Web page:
The Transistor as a Switch

May 2003

Below are the basic configurations for NPN and PNP transistors when used as a switch. Base is labeled as B, collector as C, and emiiter as E. An NPN transistor switches on when base to emitter voltage is positive. A PNP transistor on the other hand switches on when base is more negative with respect to the emitter. In the diagrams below LOAD is assumed to be current-driven and non-resistive (e.g. LEDs). If LOAD were resistive then RL would denote its internal resistance

transistor used as a switch

In order to successfully use a transistor as a switch it is necessary to adjust the amount of base to emitter current depending upon the amount of collector current that the load requires. Too little base current and the transistor will not be fully switched on--it will not be saturated. Too much base current and the transistor will be overdriven and unnecessary power will be wasted.

In order to compute for base current (and thus the resistor necessary) we need to know something about the transistor we're using. The most important characteristic we need to know is its current gain. Other useful and sometimes important properties are a transistors maximum allowable collector current, maximum allowable power dissipation, collector-emitter voltage drop at saturation, base-emitter voltage drop at saturation, maximum allowable base current.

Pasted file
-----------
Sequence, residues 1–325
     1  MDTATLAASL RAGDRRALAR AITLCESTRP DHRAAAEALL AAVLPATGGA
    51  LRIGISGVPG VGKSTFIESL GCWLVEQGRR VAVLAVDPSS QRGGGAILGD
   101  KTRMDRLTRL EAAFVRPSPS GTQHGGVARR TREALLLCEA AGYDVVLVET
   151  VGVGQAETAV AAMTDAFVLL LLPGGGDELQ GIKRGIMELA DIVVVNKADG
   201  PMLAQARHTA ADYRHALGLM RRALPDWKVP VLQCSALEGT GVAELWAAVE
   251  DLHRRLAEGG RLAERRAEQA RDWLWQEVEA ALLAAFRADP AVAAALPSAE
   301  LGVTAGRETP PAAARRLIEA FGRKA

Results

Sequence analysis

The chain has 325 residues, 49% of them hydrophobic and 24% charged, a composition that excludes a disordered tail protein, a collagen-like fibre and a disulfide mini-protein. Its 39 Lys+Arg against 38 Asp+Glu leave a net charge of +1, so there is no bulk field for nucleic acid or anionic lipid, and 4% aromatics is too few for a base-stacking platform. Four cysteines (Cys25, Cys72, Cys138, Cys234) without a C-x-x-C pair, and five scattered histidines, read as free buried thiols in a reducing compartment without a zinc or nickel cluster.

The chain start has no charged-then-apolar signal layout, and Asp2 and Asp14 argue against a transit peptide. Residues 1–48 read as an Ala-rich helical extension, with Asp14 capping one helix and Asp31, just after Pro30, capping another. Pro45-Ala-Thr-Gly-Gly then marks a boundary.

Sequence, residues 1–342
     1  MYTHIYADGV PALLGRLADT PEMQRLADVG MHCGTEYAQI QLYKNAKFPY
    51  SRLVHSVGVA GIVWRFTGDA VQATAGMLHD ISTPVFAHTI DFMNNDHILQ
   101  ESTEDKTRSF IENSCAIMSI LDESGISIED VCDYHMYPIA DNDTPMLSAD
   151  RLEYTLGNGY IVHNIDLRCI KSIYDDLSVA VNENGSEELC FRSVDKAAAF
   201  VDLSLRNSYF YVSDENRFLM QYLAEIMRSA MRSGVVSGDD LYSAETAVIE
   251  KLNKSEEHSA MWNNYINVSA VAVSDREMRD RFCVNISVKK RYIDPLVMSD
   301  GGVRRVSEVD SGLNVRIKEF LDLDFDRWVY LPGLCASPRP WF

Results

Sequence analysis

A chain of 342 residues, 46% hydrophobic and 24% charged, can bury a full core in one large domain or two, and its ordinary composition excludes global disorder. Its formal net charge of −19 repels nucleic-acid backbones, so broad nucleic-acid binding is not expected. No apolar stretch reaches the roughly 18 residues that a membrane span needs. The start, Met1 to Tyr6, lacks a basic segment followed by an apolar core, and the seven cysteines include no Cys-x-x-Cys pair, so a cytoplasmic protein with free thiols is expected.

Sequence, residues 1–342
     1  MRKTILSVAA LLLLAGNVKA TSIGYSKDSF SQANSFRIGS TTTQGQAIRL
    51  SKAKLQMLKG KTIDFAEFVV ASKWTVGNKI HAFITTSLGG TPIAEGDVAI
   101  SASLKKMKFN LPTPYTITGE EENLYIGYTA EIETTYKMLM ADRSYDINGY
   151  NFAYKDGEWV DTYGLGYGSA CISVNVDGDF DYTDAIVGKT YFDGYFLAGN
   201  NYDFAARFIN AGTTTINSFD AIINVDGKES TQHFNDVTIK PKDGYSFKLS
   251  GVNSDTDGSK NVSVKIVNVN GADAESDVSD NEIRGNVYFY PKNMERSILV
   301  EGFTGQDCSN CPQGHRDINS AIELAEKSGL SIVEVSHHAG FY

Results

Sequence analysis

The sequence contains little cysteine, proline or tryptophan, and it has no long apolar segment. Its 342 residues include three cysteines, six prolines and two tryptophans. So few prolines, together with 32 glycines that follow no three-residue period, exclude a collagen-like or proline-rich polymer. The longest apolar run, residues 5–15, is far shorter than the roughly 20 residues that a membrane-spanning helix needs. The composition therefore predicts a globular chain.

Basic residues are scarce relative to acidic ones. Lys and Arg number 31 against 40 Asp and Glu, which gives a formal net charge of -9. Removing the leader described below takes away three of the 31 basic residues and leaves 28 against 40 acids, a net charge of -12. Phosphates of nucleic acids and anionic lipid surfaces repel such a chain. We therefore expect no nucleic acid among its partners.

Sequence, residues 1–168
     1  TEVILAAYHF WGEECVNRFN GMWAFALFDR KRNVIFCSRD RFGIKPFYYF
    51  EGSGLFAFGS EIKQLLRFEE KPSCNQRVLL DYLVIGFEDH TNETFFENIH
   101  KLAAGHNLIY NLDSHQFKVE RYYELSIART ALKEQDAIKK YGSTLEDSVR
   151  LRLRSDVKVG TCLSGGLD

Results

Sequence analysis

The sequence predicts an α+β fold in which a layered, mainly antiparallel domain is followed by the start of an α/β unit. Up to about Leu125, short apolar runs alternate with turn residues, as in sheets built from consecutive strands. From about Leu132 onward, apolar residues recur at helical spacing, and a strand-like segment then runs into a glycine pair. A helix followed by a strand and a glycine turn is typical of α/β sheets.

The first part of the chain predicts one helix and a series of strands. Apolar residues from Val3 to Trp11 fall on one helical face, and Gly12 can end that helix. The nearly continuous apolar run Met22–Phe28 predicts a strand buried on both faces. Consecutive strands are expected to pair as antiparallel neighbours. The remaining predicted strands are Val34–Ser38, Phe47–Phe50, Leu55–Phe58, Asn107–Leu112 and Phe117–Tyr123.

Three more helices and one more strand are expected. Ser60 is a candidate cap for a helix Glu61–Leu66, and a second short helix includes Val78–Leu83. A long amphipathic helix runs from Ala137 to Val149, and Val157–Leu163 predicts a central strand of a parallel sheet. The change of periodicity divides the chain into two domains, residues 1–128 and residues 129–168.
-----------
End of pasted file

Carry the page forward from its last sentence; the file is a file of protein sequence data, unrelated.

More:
The relation between base current and collector current is as follows:




IC = collector current
VCC = supply voltage
VBE = base to emitter voltage drop at saturation
RB = current limiting resistor for base
hFE = minimum current gain of the transistor
RL = current limiting resistor for load


RB = [(VCC-VBE)hFE / IC]

Maximum collector current as determined by base current must be greater than the current required by the load. This is necessary in order for the transistor to be in saturation mode. If not, the voltage drop across the collector-emitter will be greater than the minimum (typically 0.2V for small signal transistors). The greater the voltage drop across the collector-emitter the more power is dissipated by the transistor and the less the voltage there is across LOAD. A transistor in such a state is said to be operating in the active region, and is acting like a partially on switch. This is desired when the transistor is being used as an amplifier but usually is undesirable when used as a switch. In the latter case we operate the transistor either to saturation or to cutoff (i.e. base current = zero).

When using the circuits above the manual switch in the diagram will usually be replaced with an electronic one. For instance logic gates or outputs of voltage comparators would be used to switch the transistor on and off.